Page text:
We thought we had made ourselves clear by now, IT industry. When the ChannelPro team is (extremely) busy staging another of our genuinely fantastic SMB Forum events, as we were in Boston this week, you are not to make news. But you just couldn’t restrain yourselves, could you? Well, fine then, we’ll accommodate your thoughtlessness one last time for 2016 and catch everyone up on the stories we couldn’t get around to this week.
Go, Teams! As in Microsoft Teams, the new Office 365 component that subscribers to Enterprise and Business plans have had access to in preview form since Wednesday. The forthcoming system, which is meant to compete with the much-loved collaboration platform Slack, has a whole lot of catching up ahead of it, but will benefit from native integration with the also popular Office 365 suite that Slack can’t boast. Should be an interesting fight, assuming Teams ends up providing a reasonable facsimile of Slack’s bewitching user experience.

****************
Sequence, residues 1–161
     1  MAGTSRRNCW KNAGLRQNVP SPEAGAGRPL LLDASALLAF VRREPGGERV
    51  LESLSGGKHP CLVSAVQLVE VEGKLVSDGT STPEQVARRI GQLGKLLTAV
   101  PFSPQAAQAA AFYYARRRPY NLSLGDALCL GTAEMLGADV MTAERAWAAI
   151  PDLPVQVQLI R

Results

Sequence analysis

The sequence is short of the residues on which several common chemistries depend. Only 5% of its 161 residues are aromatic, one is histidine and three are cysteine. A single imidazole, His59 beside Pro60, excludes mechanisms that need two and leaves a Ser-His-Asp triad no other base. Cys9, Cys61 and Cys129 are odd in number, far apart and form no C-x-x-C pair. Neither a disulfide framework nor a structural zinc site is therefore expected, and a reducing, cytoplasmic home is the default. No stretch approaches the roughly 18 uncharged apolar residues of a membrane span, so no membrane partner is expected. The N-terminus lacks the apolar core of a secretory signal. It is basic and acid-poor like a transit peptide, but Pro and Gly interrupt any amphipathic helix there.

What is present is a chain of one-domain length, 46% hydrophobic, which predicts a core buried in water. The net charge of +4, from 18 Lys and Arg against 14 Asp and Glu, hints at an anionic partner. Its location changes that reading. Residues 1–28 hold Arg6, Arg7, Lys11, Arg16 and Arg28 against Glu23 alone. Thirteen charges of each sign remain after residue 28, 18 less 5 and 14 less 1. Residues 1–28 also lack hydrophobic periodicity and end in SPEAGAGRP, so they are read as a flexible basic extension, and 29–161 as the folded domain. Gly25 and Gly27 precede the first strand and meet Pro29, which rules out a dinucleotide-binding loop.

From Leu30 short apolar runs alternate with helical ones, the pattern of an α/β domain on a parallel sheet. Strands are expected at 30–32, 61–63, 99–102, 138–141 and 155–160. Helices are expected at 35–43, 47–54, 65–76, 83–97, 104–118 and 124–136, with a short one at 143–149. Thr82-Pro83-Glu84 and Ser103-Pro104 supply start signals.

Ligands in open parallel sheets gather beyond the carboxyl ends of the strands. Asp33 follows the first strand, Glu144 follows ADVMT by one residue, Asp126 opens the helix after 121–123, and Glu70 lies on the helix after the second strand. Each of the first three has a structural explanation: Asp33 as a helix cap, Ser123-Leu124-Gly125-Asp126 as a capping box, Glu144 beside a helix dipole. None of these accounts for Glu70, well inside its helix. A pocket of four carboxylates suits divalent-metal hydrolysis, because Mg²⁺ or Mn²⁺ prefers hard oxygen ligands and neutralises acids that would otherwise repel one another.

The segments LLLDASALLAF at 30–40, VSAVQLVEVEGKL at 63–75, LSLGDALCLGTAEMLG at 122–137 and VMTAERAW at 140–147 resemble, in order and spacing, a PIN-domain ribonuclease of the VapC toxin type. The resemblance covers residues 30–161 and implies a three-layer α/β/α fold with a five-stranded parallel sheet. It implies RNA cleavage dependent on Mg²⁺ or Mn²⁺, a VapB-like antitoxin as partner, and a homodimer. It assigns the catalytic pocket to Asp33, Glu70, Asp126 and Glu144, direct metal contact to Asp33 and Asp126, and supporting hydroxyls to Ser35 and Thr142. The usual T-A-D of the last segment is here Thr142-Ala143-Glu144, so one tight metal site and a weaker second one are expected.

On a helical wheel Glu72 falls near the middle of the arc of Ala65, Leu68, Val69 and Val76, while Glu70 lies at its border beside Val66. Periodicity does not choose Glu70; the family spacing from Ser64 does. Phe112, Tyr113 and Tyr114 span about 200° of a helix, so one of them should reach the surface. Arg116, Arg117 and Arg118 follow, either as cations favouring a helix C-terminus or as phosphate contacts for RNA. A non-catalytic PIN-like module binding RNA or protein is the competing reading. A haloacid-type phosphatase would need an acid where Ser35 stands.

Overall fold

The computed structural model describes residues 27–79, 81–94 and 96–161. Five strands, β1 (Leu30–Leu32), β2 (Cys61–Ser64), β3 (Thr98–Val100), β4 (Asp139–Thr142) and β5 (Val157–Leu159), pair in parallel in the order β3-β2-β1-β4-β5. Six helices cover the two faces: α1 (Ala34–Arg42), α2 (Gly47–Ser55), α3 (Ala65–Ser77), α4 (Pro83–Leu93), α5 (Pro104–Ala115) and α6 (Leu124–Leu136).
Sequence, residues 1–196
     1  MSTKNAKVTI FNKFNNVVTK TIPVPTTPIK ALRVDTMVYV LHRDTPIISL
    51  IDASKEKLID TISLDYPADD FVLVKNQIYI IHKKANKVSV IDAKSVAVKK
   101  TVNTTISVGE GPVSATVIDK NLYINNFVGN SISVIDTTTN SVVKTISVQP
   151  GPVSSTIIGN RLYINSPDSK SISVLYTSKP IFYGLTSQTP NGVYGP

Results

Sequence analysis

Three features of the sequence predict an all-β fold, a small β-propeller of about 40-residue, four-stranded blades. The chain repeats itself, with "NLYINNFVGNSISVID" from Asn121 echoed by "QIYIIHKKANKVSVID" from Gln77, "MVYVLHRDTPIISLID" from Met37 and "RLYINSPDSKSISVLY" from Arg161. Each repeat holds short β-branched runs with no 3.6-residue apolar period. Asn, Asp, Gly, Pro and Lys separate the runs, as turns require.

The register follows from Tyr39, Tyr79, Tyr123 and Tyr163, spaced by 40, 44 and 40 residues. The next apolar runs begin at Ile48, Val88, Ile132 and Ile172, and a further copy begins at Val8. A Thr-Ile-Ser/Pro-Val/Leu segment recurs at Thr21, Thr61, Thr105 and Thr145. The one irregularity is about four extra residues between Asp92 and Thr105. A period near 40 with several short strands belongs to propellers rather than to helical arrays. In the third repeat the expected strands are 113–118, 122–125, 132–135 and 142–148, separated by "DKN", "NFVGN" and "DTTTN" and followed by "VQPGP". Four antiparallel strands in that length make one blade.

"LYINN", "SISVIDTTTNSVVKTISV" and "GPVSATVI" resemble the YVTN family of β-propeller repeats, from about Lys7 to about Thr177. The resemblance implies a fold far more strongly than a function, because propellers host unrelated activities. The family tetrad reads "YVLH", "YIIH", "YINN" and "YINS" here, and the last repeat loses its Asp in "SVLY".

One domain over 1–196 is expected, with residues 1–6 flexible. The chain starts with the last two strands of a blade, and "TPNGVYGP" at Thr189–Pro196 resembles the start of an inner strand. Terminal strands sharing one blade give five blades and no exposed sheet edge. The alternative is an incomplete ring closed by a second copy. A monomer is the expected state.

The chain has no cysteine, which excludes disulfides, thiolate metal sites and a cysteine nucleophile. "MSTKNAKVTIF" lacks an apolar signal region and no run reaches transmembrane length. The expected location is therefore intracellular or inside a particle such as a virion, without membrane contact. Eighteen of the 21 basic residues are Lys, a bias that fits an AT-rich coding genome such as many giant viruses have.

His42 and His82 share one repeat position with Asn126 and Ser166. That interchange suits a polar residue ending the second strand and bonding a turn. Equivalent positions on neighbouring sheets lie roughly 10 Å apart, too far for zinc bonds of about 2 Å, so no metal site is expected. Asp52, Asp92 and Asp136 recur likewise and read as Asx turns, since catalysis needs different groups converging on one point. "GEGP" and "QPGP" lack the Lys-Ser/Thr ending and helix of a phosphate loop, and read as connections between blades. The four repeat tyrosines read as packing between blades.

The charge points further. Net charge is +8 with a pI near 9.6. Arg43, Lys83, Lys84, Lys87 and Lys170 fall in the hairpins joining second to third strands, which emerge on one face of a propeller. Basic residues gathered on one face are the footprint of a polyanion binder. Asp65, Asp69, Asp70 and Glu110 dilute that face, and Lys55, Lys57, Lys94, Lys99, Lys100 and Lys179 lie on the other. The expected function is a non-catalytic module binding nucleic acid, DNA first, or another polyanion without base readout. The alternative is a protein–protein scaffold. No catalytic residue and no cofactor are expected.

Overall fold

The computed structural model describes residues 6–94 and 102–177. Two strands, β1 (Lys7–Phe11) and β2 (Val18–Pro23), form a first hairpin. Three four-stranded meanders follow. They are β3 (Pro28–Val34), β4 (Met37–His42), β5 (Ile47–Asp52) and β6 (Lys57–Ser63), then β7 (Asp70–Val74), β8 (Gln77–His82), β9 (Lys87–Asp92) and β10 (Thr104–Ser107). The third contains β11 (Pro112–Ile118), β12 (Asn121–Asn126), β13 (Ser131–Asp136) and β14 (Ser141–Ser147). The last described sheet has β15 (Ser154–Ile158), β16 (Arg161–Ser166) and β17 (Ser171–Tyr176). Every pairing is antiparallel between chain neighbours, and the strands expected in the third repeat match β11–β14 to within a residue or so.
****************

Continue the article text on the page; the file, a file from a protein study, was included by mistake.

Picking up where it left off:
Blink and you could have missed it. But the much ballyhooed new Microsoft Dynamics 365 hit general availability this week, and a roadmap for the new business solutions suite appeared online too. All of which will be quite interesting to some of you and less so to others, according to our research anyway.
And now, before moving on to everyone else’s news…Let’s take a peek at these other, lesser Microsoft announcements from the week that was:
- The Microsoft Access database (along with support for some new data sources) is now part of Office 365 Business and Business Premium plans.
- Office 365 administrators now have enhanced control over end user access to third-party apps.